Employers Battle Tight Job Market

Employers Battle Tight Job Market

Free Resources Available from Chamber
As businesses return to something resembling pre-pandemic operations, many are finding themselves shorthanded.  A variety of considerations — the availability of supplemental unemployment benefits, child care demands, health concerns related to COVID, and more — appear to be constraining workers from returning to the job market. Although the impact of these factors may be temporary, employers should take advantage of Chamber resources to help fill their openings.

Restaurant owner Kevin Weasler, Culver’s of Northbrook, has been working to grow his workforce since opening in June 2020.  Launched during the pandemic, his business operations evolved from drive-through only to now offering indoor dining, drive-through, and online orders. Ramping up those services required extra staffing, but attracting adult applications has been challenging.

“This is the tightest job market I’ve ever seen,” notes Weasler. “We’ve had a fair number of applications from high school kids, but we’re seeing fewer for regular adult team members.  I would definitely be hiring more of them if they were applying.”  The company’s above-average pay scale, benefits package, and flexible scheduling have historically been strong attractions for candidates. “We offer a good working environment with opportunities for career growth.  Hopefully, this is just a temporary situation,” says Weasler.

Manufacturers see similar pressures. Maggie Khembo-Gary, Senior HR Manager for Bell Flavors and Fragrances, points to high demand for individuals with production skills. “One of the challenges in our niche industry is finding people with the skills to operate specialized machinery,” she comments. “Our high pay rates are a competitive advantage, and we’ve ramped up premiums for our second and third shifts.  We’ve also found that referrals from current employees are very helpful, so we’ve added incentives for them to suggest candidates that they know.”

Lucy Torres, Express Employment Services, has seen a shift in the expectations of potential employees. “We have seen a big change in the market in terms of available workforce,” she shares. “We still have job seekers looking for work, but they are now seeking more salary as we hear time and time again that they can’t manage raising a family or meeting general day-to-day expenses on a low salary. Many job seekers are also looking for a flexible employer. The pandemic has created an issue for families who have challenges with childcare, schooling hours, and medical needs.”

Your Chamber membership includes access to free job posts on northbrookchamber.org, which then appear automatically on the Chamber’s public Facebook and Twitter platforms. To create a job posting, log in to access the Member Portal or contact Communications Manager Carolyn Gessner for assistance.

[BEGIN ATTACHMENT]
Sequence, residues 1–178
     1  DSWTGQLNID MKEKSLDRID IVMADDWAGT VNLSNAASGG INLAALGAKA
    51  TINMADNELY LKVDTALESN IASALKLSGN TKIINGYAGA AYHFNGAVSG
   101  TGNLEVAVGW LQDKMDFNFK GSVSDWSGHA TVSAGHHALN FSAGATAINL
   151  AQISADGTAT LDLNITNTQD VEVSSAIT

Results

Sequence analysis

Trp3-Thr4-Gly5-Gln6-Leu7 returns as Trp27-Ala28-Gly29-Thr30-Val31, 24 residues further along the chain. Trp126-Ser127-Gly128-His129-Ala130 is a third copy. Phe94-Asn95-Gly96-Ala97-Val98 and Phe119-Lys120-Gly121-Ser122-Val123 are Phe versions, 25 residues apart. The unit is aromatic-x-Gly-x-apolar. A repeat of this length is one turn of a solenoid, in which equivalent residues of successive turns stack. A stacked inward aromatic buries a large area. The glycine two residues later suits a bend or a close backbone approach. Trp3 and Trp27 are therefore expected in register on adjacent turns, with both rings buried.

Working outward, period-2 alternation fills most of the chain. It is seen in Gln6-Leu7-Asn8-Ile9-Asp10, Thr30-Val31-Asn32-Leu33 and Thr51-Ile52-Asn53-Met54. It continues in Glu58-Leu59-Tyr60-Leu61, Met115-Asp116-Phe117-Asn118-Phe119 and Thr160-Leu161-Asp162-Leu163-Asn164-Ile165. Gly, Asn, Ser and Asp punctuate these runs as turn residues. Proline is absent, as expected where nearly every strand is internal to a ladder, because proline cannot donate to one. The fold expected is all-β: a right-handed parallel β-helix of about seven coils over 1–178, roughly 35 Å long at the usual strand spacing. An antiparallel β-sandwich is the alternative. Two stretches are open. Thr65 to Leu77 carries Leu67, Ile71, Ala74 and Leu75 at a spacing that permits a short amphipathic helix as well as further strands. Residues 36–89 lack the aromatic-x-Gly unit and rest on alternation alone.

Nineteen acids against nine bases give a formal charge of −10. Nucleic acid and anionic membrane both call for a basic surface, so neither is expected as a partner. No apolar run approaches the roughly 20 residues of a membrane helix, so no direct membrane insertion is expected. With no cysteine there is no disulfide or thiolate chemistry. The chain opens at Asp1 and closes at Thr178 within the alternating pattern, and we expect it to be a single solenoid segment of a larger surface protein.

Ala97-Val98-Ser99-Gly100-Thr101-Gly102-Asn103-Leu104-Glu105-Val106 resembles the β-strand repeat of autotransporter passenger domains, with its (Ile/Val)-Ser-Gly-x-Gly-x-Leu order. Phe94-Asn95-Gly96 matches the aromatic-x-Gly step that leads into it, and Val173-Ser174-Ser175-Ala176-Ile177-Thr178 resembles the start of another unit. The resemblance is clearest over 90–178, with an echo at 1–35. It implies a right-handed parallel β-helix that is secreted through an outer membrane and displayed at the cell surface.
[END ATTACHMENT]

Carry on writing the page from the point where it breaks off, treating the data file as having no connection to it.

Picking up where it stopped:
Oakton Community College encourages businesses to take advantage of its free recruitment services to connect with students via Oakton’s College Central Network software.  Employers can register and post job opportunities with either Oakton Community College exclusively or with the CCJobNet partnership, reaching 13 area community colleges. Employers offering internships for Oakton students can contact Shannon McKenzie, 847.376.7165 or 847.635.1404 or mckenzie@oakton.edu.

Employers in the hospitality industry can share job openings at no charge via Chicago’s North Shore Convention and Visitors Bureau’s website.  A simple online form allows businesses to add hotel, restaurant, retail, and event services/supplies employment opportunities in North Shore suburbs. Participating communities include Evanston, Glencoe, Glenview, Northbrook, Northfield, Prospect Heights, Skokie, Wheeling, and Winnetka.

The expected end of enhanced Illinois unemployment benefits in September, coupled with increased state support of childcare for low-income families, may relieve some of the pressure on the labor market soon. In the meantime, Lucy Torres suggests that employers think creatively about how to meet the needs expressed by potential employees. “Be open to thinking outside the normal work schedule that you have in place,” says Torres. “There is more than one way to do something and in this competitive arena employers really need patience and understanding in dealing with employee requests.”

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